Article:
11th Aug 2022

Portugal kicks off formal EU treaty talks

  • All IGC documents will be made available to the public, the Portuguese presidency has pledged (Photo: European Commission)

Just before the EU packs its holiday bags, on Monday (23 July) foreign ministers in Brussels, are opening a formal round of negotiations on the Union's new treaty.

The Portuguese EU presidency is officially kicking off the intergovernmental conference (IGC) - the procedure required by the EU to amend its treaties, scheduled this time to last until October.

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Lisbon has reserved half an hour for the opening ceremony, which will see speeches by Portuguese foreign minister Luis Amado, European Commission president Jose Manuel Barroso and European Parliament chief Hans-Gert Poettering.

The Portuguese will also unveil the first full draft version of the proposed new "reform treaty" - which is hoped to become successor to the failed EU constitution, a text rejected by French and Dutch voters in 2005.

A political deal on the reform treaty's blueprint was clinched by EU leaders last month. National capitals will now be eagerly looking at how Lisbon has translated their political sensitivities into legal EU language.

Member states' legal experts will on Tuesday and Wednesday (24-25 July) have a first go at the text, before taking the voluminous document to the beach and reconvening for intensive daily meetings in the last week of August.

The Portuguese are aiming to keep the talks at the legal level as much as possible, in a bid to avoid unravelling the June deal, which was brokered by the former German EU presidency after bitter nightly negotiations.

But national governments have been told to keep their 'sherpas' - political negotiators on the treaty - on alert, with Mr Amado telling MEPs last week the sherpas will step in once discussions prove to be more political than legal.

At the June summit, German leader Angela Merkel rallied EU leaders around an extremely detailed negotiating mandate for the IGC, designed to leave as little room for political discussion as possible.

But the first test of member states' good faith in the deal will take place when foreign ministers discuss the treaty at an informal meeting near Porto on 7-8 September.

Potential troublemakers

One potential troublemaker is Poland, which since the summit has been ambiguous on whether it will accept the provisions on its voting rights in the EU.

Although Warsaw has reassured Lisbon that it will not reopen the voting issue, EU officials see Polish diplomacy as unpredictable, fearing that the legal translation of the voting paragraphs could ruffle Polish feathers anew.

UK prime minister Gordon Brown is meanwhile set to be particularly vigilant on his country's so-called red lines, which London staunchly defended at the June summit. One source for friction could be London's opt-out from the EU Charter of Fundamental Rights, which senior EU legal experts claim, may prove to be fallible.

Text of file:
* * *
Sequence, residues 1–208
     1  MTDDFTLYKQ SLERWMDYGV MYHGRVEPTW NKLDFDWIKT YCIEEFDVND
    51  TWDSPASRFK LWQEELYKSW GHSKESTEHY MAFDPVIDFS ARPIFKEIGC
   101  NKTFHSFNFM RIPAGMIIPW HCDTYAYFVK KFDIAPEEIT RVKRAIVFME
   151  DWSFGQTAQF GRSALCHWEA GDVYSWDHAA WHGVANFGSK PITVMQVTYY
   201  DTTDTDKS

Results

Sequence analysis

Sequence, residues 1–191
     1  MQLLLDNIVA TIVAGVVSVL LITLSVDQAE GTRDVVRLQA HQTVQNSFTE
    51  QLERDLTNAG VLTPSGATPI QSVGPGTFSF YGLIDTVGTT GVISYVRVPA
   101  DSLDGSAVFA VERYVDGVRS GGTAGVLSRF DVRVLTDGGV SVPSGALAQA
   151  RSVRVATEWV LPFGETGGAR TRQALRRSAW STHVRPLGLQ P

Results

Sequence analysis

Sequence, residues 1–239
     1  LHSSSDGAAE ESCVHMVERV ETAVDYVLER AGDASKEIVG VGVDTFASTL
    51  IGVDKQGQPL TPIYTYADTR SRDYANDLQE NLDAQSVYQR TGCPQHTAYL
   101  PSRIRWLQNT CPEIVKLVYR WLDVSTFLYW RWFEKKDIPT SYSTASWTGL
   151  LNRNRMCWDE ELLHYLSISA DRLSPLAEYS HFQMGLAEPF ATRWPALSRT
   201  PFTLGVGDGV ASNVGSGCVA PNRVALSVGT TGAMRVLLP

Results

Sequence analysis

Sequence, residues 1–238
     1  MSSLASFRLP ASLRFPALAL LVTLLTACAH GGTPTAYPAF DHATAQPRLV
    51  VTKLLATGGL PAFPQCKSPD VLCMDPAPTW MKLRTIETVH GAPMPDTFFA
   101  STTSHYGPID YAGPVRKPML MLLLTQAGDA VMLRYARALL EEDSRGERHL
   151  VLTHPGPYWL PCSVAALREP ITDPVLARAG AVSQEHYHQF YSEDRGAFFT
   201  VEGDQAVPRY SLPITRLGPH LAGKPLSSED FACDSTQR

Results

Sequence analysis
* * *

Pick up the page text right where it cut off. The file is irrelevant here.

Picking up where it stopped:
Meanwhile both Britain and Ireland seek clarification on their general opt-out from the EU's justice and home affairs policies. Both states want to see this accompanied by the possibility to participate in individual projects - such as criminal data-sharing - despite their general derogation from the policy area.

Other countries with strong positions on the future treaty, such as France, the Netherlands and the Czech Republic, are not expected to create particular problems, but will make sure the concessions they obtained in June will be safeguarded in detail.

Parliamentary worries

Some worries on the IGC mandate have meanwhile emerged in parliamentary circles - both in national parliaments and in the European Parliament.

The UK's House of Commons dislikes a passage in the draft mandate stating that "national parliaments shall contribute actively to the good functioning of the Union" - allegedly undermining national parliamentarians' independence.

A formal joint request made by all 27 national parliaments to send three observers to the IGC talks, was rejected last week by the Portuguese presidency saying "we cannot enlarge participation in the meeting room".

The situation is different for the European Parliament, which will send three MEPs as representatives at ministerial level talks while parliament officials will attend lower level meetings. The European Commission also has a seat at the IGC table.

Some MEPs have expressed concern that the Parliament's recently gained powers to control the Commission's day-to-day technical work - when it is implementing existing EU laws - will be undermined by member states through legal tricks in the drafting of the treaty.

All IGC documents - such as proposed amendments to the text - will be made available to the public, the Portuguese presidency has pledged. However, it is unclear whether informally drafted meeting notes are also intended to reach the public eye.

Lisbon wants to wrap up the IGC talks at an informal EU leaders gathering in Lisbon in October, in the hope that the treaty can be signed at a formal summit in December.

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